Over 100 States and Cities Are Now Suing Drug Companies Over Pandemic Opioid Deaths and Addictions Nationwide
Governing has published a new report on the wide proliferation of lawsuits filed by cities and states against prescription drugmakers for their role in the nation’s opioid epidemic. As the platform notes, new opioid harm lawsuits are being filed almost every week. Unlike most drug epidemics, the opioid scourge is driven largely by a legal industry — the prescription drug system. The National Institute on Drug Abuse estimates that 75 percent of people who enter treatment for a heroin addiction took their first opioid legally from a prescription.
Though states have tried numerous ways of dealing the problem, the unfortunate truth is that when addicted patients can’t get legal drugs, they quickly turn to illegal sources and often to even more dangerous opioid forms that include heroin and fentanyl. CDC estimates indicate at least 90 Americans die every day from opioid overdoses. As Lieff Cabraser partner Mark Chalos explained to Governing, there are economic costs that extend beyond the tragic loss of so many lives.
“It’s devastated county and municipal budgets,” notes Chalos. “There’s been a significant cost for law enforcement, first responders, for drug treatment, for lost productivity of government workers and for services like autopsies.” Chalos goes on to note that some clinics and hospitals in Tennessee can no longer afford to do autopsies for every suspected drug overdose, so in all likelihood the official tally of opioid-related deaths “is just the floor.”
At least 40 states have joined forces to subpoena information from four opioid manufacturers — Allergan, Endo, Johnson & Johnson’s Janssen group, and Teva, with additional requests out to other manufacturers and opioid distributors. Mississippi Attorney General Jim Hood, the first state AG to sue a drugmaker for its role over opioids, may take things a serious step further. He told Governing, “If we get into those emails and executives are in the chain knowing what they’ve unleashed on the American public, I’m going to kick it over to a criminal lawsuit. I’ve been to too many [opioid-related] funerals.”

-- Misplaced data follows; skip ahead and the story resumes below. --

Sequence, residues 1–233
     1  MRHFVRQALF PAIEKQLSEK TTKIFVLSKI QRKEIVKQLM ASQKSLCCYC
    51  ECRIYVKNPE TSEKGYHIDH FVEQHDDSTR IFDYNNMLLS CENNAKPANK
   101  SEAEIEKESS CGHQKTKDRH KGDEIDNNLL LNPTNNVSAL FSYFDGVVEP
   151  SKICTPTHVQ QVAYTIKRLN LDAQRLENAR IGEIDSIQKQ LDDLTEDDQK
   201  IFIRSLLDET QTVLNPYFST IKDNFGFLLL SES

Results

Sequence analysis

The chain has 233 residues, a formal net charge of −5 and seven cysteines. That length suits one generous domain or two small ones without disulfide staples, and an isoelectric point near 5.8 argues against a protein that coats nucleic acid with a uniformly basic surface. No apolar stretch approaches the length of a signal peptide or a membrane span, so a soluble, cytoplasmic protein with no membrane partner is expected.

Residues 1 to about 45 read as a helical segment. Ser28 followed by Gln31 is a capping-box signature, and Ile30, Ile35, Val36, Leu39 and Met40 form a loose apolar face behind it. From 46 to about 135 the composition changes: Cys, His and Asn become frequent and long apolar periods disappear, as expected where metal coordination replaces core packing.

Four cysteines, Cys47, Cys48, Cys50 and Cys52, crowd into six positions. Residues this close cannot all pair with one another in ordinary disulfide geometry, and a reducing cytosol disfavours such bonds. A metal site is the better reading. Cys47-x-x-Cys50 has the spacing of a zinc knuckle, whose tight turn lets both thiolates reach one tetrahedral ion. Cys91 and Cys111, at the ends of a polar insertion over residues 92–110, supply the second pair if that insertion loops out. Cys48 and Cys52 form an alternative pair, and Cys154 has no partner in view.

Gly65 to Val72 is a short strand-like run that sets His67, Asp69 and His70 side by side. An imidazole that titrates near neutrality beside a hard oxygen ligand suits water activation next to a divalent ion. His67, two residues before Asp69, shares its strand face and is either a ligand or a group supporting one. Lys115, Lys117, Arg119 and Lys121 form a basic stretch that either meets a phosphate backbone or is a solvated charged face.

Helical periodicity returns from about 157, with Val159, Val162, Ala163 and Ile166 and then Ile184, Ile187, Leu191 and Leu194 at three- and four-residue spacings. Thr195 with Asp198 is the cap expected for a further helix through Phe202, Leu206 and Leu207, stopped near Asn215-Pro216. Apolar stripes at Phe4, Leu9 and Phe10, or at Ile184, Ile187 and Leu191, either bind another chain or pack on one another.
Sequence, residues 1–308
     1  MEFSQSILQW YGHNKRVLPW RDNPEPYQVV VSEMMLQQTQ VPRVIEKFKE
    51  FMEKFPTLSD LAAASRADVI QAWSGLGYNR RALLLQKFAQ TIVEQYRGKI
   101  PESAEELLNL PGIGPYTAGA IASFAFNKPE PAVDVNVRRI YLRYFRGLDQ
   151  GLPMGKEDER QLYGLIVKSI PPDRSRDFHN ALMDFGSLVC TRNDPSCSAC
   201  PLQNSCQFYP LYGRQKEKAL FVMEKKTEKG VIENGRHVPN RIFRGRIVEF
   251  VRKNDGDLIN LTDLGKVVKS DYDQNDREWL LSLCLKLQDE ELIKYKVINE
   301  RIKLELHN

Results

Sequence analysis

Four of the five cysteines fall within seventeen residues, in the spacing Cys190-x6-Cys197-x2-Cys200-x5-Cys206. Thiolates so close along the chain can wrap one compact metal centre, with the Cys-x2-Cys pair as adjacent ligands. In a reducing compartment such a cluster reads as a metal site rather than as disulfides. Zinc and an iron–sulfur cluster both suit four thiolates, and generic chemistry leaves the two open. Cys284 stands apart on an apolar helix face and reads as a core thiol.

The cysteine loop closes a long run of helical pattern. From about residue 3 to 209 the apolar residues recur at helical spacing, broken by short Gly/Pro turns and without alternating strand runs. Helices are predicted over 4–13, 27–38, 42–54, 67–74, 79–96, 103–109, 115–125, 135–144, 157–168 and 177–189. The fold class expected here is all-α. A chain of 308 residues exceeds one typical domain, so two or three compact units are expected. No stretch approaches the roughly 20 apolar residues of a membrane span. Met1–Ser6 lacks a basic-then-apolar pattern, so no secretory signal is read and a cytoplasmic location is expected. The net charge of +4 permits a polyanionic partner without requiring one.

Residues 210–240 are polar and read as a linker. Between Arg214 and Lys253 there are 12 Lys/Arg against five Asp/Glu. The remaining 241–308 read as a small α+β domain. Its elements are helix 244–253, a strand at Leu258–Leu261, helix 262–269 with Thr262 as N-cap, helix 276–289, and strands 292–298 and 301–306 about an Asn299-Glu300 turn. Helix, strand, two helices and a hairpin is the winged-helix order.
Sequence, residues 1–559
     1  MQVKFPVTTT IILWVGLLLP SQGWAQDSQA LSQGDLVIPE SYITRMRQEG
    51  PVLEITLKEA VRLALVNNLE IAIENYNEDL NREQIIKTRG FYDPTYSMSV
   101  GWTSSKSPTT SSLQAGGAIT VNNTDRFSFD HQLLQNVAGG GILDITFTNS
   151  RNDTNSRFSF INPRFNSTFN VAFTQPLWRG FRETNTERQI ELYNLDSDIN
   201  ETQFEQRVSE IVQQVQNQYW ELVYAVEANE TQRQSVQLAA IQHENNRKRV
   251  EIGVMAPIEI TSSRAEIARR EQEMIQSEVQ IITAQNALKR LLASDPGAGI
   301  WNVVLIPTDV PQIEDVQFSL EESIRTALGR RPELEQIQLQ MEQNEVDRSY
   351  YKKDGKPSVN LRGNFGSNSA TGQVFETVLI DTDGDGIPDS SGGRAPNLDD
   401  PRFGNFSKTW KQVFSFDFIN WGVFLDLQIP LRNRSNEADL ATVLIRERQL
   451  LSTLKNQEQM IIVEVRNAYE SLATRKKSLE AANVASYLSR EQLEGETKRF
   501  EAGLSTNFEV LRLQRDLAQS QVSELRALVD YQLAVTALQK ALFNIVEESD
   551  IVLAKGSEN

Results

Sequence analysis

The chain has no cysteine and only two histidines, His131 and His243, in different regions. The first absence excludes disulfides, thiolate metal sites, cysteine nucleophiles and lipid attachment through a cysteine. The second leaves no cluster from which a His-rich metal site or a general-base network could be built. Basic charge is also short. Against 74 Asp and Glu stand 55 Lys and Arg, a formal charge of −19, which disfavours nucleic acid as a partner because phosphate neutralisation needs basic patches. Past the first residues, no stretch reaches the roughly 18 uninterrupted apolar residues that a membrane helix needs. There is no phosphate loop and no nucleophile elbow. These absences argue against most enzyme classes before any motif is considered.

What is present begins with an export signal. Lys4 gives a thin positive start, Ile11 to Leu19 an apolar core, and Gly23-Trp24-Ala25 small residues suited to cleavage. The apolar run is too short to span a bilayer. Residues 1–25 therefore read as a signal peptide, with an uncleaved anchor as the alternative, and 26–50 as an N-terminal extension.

Most of the lawsuits seek money damages to help them get back millions lost to fighting the opioid devastation on a local level. And some of the suits are working to try to force opioid manufacturers to change their allegedly deceptive and incomplete sales and marketing to meaningfully highlight how dangerous and addictive the painkillers can be.
Governing points out the similarity between these new opioid harm cases and the successful cases from the 1990s against tobacco companies, where corporate action and inaction over decades led to a widespread public health crisis affecting tens of millions of Americans. Chalos notes that he is “optimistic that the industry will be held accountable,” though he wanrs that opioid manufacturers have enormous resources and can be expected to fight “tooth and nail.”
Read the full article on Governing’s site.
About Mark Chalos
The managing partner of Lieff Cabraser’s Nashville office, Mark Chalos represents individuals who have suffered catastrophic personal injuries and families whose loved ones died due to the negligence or misconduct of others. He has obtained millions of dollars in settlements for families who have been harmed by wrongful conduct. Through jury trials, Mr. Chalos has held wrong-doers accountable, including representing 32 school children who were videotaped undressing in their school locker room ($1.28 million jury verdict) and a young woman who suffered a severe brain injury in a car wreck (nearly $4 million jury verdict). He also obtained an $8 million arbitration award on behalf of a business client.
Governing is the nation’s leading media platform covering politics, policy and management for state and local government leaders. Recognized as the most credible and authoritative voice in its field, Governing provides nonpartisan news, insight and analysis on such issues as public finance, transportation, economic development, health, energy, the environment and technology.